In his presentation at UX Lx 2013, Luke Wroblewski introduced mobile as the 7th form of mass media and established some guidelines for designing login and checkout pages.
This was probably the most intensive talk of the day, with Luke Wroblewski incessantly “feeding” the crowd with more and more history, statistics, best practices, stories and examples of the mobile world. Four things that everyone should have gotten away from this talk: mobile is not a desktop PC; mobile must never be a dumbed-down, limited experience; on mobile, people actually try to do the things they normally do on a desktop PC; and that we can start improving the experience of mobile today, using techniques that are already available to everyone. Luke Wroblewski delivered a fantastic, entertaining and very well composed presentation, both orally and visually. Definitely the highlight of the day, a talk that we at DRI will come back to.
You can follow my notes alongside the slides from his talk, available here.
The 7th Form of Mass Media
- The first form of mass media to “hit our planet” was print (books, pamphlets, newspapers, magazines, etc.), around the late 15th century.
- Until 1890, when recordings (records, tapes, cartridges, CDs, DVDs) came along. We then had cinema (1900), radio (1910), television (1950) and internet (1990).
- Tomi Ahonen, who used to work at Nokia, proposed that mobile is the 7th form of mass media. If we start to think of mobile as the newest and most powerful form of mass media ever, it really changes the way we approach it.
- In the world, 371K babies are born per day. However, there is bad news: worldwide, 378K iPhones are sold per day and 1.3M Android devices are activated per day.
- But there is more: 562K iOS devices, 200K Nokia smartphones and 143K Blackberry devices are sold worldwide, each day.
- Roughly 2M mobile devices entering the planet each day, compared to 371K children.
- And it is not just about quantity, it is also the speed at which each new form of mass media is being adopted by culture: telephone took 39 years to get to mass market adoption (40% of US population); electricity and computer took about 15 years; radio, mobile phones and internet roughly 5 years; and the fastest yet was the smartphone (3 years).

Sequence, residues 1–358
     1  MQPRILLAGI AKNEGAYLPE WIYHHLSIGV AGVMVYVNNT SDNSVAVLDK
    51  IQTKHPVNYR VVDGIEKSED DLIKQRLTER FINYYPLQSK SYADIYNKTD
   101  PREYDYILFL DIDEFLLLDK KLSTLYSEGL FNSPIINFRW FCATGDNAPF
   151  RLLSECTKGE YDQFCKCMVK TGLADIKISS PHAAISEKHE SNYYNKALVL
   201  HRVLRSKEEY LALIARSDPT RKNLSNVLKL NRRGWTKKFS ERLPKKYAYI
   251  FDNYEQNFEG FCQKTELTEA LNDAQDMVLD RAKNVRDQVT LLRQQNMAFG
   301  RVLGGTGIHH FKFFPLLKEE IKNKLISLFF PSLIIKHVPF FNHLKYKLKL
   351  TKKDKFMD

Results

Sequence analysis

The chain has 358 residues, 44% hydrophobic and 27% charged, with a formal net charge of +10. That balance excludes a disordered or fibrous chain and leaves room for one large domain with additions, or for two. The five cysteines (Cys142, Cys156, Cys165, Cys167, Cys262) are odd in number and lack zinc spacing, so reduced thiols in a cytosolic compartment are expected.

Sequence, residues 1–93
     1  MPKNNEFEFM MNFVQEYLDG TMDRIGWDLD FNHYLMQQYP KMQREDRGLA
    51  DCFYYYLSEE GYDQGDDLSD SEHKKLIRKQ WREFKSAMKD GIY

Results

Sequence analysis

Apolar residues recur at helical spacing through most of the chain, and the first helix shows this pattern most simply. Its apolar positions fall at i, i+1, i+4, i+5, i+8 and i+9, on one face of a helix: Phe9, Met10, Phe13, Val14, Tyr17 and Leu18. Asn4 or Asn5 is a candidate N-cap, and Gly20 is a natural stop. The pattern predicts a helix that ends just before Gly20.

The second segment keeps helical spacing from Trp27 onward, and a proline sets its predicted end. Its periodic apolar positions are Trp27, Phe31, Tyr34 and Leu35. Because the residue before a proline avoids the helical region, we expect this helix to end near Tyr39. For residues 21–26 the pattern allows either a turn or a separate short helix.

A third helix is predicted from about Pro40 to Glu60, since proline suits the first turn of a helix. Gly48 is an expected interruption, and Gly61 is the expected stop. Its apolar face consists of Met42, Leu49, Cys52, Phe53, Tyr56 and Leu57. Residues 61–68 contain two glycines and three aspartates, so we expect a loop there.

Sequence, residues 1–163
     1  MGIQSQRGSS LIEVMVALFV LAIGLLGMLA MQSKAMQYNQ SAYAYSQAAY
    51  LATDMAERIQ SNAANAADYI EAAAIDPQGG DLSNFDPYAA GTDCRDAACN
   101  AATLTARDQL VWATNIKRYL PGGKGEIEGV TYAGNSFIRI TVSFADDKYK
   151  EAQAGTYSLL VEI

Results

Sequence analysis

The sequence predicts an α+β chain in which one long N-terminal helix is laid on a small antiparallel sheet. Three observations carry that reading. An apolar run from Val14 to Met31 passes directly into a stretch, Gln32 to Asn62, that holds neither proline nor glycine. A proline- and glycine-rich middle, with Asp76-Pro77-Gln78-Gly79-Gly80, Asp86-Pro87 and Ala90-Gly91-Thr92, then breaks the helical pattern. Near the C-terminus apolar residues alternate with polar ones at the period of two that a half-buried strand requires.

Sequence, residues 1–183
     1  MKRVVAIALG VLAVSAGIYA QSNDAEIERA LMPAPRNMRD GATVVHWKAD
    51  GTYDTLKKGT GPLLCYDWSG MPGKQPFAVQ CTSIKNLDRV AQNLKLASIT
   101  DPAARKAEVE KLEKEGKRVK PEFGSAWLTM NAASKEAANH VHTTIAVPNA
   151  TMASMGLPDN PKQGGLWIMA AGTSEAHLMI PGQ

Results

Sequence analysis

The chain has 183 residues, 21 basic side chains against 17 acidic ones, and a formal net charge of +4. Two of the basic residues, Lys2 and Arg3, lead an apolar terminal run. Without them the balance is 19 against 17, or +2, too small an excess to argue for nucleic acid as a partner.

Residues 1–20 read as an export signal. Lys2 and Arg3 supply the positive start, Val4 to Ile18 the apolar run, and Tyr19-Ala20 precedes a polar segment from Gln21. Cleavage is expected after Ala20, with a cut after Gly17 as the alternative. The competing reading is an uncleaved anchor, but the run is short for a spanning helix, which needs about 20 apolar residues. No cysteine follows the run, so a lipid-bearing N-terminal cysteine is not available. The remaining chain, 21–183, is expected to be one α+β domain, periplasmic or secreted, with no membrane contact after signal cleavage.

- It is also how they are being used. Behaviors are changing: Apple and Android are taking a very large cut for the past few years on the share of personal computing. People are doing things on their smartphones that they used to do on PCs.
- More statistics: 6B mobile connections today, 10B connections in 2016, 26x worldwide traffic growth.
- Also, as the new form of mass media, mobile can do everything the other six could do before it. It has swallowed print, recordings, cinema, radio, television and internet. All of these have been sucked up into your pocket.
It can do new things as well:
- Always with us, in our pocket;
- Always on;
- Built-in payment mechanism;
- At a point of inspiration;
- Accurate audience;
- Captures social context;
- Augmented reality;
- Digital interface to reality.
- What we end up doing with each new mass media is copying what we were doing before, what was successful. Everything that we used to do for print has been pushed onto the web (page/canvas, grid layouts, typography, graphical ads, etc.). The fact is that web is not print. And the same rule holds: mobile is not a desktop PC.
- “…copy, extend, and finally, discovery of a new form. It takes a while to shed old paradigms.” in Mobile Apps Must Die, by Scott Jenson. It is when we discover what this new form of mass media can do that things start to get exciting.
- Example: PayPal started as a mobile payments company (15-19 years ago) but the devices and the ecosystem was not ready. They kept going and investing in mobile until, in 2009: $141M in mobile payments. And it continued: $750M in 2010, $4B in 2011, $14B in 2012.
- Other examples: Fab, 2x more likely to buy on mobile; Financial Times, 2.5x more likely to subscribe; Flipboard, 3x engagement on mobile; Twitter, 60% of users are on mobile; Pandora, 70% of usage on mobile; StumbleUpon, 800% mobile growth.
- The general paradigm about mobile is that we have to do less, that people will do less. And while it is a great lens to helps us concentrate on the things that matter, it is also an opportunity to help people do more on mobile.
How to think for mobile: login pages
- Statistics on login pages: each person authenticates 15 times per day; 82% have forgotten a site password; at Yahoo, 5–10% of sessions involve a request password; #1 request to intranet help desks.
- Login is currently a broken system.
- Lesson #1: As Steven Hoober wrote: “Mobile must never be a dumbed-down, limited experience.” People will still try to do the things they normally do, even on a smaller screen. Leaving important, critical features out (login help or buying without an account), is not the way to deal with this new devices.